Cheers,
    Liam


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    "Do you hear that, Mr. Anderson? That is the sound of inevitability."
     
  15. Gordon @ Convergent AV

    Gordon @ Convergent AV
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    Nigel,

    It can either be larger( using the full height of the panel) or the same size (using a limited height of the native panel)

    The HT200 has the ability to re-size a 4:3 image to fit within a 16:9 screen just as the VPL10 does. The difference between the two is that the Sony is always using more pixels, although that doesn't necessarily mean it will be better.

    Gordon

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  16. LV426

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    Ahhh, yes. So, when you are only using two-thirds of a 800X600 display to show your widescreen images, you get jagged diagonals.

    There's a surprise.....

    Or am I missing something again?
     
  17. Gordon @ Convergent AV

    Gordon @ Convergent AV
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    Actually you may be missing soemthing.

    The Sony, with it's 768 vertical pixels was best although there was still stair stepping. The Sanyo was next best, followed by the HT200. Both these units have 800 x 600 panels. Yet there was considerable difference between them.

    I think that perhaps the distance between each pixel may have a contributing effect as well..... I haven't checked though.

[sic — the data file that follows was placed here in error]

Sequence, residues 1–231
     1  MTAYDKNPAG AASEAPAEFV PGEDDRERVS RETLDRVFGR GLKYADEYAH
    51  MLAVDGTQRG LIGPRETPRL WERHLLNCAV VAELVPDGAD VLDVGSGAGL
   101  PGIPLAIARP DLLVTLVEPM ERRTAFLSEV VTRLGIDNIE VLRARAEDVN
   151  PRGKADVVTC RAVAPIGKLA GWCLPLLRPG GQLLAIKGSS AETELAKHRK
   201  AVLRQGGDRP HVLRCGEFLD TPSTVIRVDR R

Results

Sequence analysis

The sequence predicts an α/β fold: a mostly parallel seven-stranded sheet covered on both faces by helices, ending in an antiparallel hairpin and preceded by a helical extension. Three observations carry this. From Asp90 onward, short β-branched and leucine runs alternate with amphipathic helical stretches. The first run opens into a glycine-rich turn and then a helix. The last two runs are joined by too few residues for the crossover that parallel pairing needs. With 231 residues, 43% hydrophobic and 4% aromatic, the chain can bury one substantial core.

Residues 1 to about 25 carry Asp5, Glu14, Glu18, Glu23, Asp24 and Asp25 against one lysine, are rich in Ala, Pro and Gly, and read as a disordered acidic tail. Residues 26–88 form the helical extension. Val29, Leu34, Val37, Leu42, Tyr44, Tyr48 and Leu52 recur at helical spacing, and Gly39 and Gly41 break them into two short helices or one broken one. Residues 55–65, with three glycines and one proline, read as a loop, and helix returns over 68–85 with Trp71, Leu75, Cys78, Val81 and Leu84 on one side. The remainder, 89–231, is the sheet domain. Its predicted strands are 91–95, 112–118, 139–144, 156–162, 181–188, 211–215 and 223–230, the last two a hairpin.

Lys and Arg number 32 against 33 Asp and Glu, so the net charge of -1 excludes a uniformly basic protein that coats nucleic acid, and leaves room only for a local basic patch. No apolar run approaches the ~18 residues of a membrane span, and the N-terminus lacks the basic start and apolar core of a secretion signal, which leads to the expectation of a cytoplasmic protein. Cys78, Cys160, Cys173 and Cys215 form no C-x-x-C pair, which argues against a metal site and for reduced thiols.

Gordon

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  18. mart.stokes

    mart.stokes
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    Thanks to everybody for their contrbutions again, I guess the answer is a Sim2 DLP machine with the "resolution" of the Sony!!!
     
  19. tryingtimes

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    Exactly, that's where your 6 months comes in! [​IMG]
     
  20. LV426

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    Once I upgraded by DVD player to a Pioneer 737 and started driving my VW10HT with component/progressive scan (from NTSC sources) all residual traces of stair-stepping have disappeared. It still get a little on PAL sources where there is some movement in the image. But, no longer visible at all on NTSC sources.
     
  21. tiberious

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    ....and the new Dwin DLP is currently getting rave reviews on AVS - an XGA machine, and so even more than the HT200 pricewise - but this and the HT250 seem to be the new cutting edge toys in DLP.

    Although I love the HT200 , I remember saying in one of my first posts , that I was sure I would have "upgraded" within 3 years.I still think that is true.

    The stairstepping issue is interesting - it was far more noticeable on the earlier software , I think it has improved a lot with version 1.15 (or I`m getting used to it!) - but is certainly much better when fed a progressive picture via component.

    Hey Mart - I`m with you on the cost thing !
    One minute you "can`t afford £1/-" for a new tv , then you`re paying out £1/- for a DVD player and multiples more on the rest of the system !!.My idea - take all the pain at once and it doesn`t hurt so much !(okay , that`s not true - but you only have to hide one ccard statement from `er indoors!).
     
  22. mart.stokes

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    Tiberious, the projector idea may be sold to the wife as a "project" including whatever alterations she wants to the living room also thrown in so I MIGHT get away with it!
     
  23. Jenz

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    Yes Matt, I normally find the suggestion of a New Suite Dear? works wonders.